TIME was, not so long ago, when Switzerland comfortably dominated the world market for watches and timepieces - as it had for hundreds of years. Then the unthinkable occurred. Along came competitive upstarts from abroad, as Asian (and mainly, Japanese) companies such as Casio began mass-producing not only low-cost watches, but quality products that captured the hearts of consumers.
But if anyone thought the Swiss were about to give up on one of their foremost industries, guess again. Today, it is enjoying a renaissance. The turnaround has to be judged one of the great corporate success stories of the past few decades.
Japan still turns out more timepiece products than Switzerland. But Switzerland now accounts for 50 percent of world watch production in terms of dollar value - $4.3 billion out of total world production of $8.7 billion, according to Peter Laetsch, president of the Watchmakers of Switzerland Information Center Inc. The group is the main industry voice for Swiss watchmakers in the United States.
Part of the long-range Swiss gain is currency-related, but still, Switzerland began recapturing market share in 1985, after a sharp falloff. According to Mr. Laetsch, sales of Swiss timepieces will rise 10 to 15 percent throughout the 1990s. The current strong financial showing is remarkable, considering that the Swiss watchmaking industry has been substantially downsized in recent years. Back in 1970, according to Laetsch, there were some 1,620 watch companies in Switzerland, employing more than 90,000 people. By 1985, however, Switzerland was down to 600 companies with 32,000 employees.
What had happened? The low-wage Asian companies were able to produce attractive products at minimal cost. The Japanese, in particular, were skilled at marketing. But the Asian producers were also quick to exploit the development of the electronic watch, even though the Swiss had developed the process at about the same time, according to Laetsch. ``But we've made the hard days useful; as an industry, we've come out leaner and more innovative. Today, we're copied for our high-quality products and good designs.''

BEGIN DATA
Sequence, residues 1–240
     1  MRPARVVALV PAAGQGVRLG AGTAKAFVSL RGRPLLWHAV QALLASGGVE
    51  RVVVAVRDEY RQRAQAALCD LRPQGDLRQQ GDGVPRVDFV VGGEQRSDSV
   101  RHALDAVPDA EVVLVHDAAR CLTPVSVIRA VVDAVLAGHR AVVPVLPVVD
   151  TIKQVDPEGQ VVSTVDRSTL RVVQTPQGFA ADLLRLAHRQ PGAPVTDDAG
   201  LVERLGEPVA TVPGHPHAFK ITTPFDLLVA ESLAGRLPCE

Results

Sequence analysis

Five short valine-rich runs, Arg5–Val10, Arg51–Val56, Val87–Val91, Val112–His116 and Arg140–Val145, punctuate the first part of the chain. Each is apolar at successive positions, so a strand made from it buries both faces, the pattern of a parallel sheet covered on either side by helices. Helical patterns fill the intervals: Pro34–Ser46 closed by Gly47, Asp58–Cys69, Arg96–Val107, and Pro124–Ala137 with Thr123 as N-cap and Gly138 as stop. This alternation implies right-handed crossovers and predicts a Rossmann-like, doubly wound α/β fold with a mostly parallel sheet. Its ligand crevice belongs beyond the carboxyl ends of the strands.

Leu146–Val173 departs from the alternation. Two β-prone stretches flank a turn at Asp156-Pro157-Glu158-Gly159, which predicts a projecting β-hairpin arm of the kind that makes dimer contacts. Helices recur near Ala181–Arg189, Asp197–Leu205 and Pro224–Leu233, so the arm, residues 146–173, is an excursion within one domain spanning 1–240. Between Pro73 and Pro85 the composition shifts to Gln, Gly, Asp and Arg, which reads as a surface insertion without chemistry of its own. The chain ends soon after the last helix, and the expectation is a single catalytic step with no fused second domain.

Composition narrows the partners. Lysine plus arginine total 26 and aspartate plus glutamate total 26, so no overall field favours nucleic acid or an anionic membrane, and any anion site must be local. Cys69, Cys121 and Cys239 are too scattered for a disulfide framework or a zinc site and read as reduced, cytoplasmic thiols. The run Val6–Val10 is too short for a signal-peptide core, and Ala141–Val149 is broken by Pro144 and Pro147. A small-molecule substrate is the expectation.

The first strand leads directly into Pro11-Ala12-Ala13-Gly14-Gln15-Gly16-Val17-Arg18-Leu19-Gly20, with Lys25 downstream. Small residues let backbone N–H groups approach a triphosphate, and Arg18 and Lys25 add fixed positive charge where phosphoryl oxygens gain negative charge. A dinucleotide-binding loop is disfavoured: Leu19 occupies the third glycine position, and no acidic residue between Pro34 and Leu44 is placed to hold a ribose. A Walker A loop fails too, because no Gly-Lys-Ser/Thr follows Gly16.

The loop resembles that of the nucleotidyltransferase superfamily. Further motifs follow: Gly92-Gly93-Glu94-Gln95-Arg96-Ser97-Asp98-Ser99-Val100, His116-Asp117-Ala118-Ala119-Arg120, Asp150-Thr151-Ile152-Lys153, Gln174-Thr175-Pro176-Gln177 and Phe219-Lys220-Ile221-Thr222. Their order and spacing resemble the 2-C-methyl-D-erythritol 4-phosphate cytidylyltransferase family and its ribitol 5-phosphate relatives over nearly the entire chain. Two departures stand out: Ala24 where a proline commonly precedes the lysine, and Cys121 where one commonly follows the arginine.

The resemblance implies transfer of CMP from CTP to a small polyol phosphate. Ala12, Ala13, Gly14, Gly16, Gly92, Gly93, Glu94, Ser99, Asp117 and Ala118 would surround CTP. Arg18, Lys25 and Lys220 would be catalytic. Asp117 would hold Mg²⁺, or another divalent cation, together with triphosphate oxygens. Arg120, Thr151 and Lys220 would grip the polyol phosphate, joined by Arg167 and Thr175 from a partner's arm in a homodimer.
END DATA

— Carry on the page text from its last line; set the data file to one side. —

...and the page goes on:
Most of the major producers of timepieces are now found in Asia and Europe, such as Seiko and Citizen in Japan; SMH Group in Switzerland; and Timex, a Norwegian-owned company. The North American Watch Company is one of the few US companies still making timepiece products.
In terms of strategy, the Japanese watch industry, which has about 40,000 employees by one estimate, continues to battle for the lower to middle end of the marketing segment, in terms of cost. The rivalry is particularly strong between Seiko and Citizen, with the latter claiming to be the world's largest watchmaker. During 1989 Citizen, whose parent firm is Citizen Trading Company Ltd., in Tokyo, reportedly produced 126 million timepieces. Citizen is believed second to Seiko in US market share.
The Swiss are also active in the important US market. But the US is their second-most-important client, behind Hong Kong, which is their main distribution center. Italy and Germany follow behind the US in terms of consumer sales. Ironically, according to Laetsch, Swiss exports to Japan are booming.
How did the Swiss regain their marketing position? In part, according to Laetsch, the turnaround reflected a reorganization of the industry in Switzerland, following the Swiss industry's downturn in the 1970s and early '80s. The two main watchmakers, for example, joined together to form SMH (Swiss Corporation for Microelectronics and Watchmaking Industries Ltd.).
In 1983 SMH introduced the Swatch. The Swatch directly challenged Asian companies, since it sold in a low price range. SMH now accounts for one-third of value of Swiss watch exports. The Swiss are now looking toward capturing new business in Eastern Europe - and wherever else they can boost market share.
Impressive, for an industry that only a few years ago was believed to be running out of time.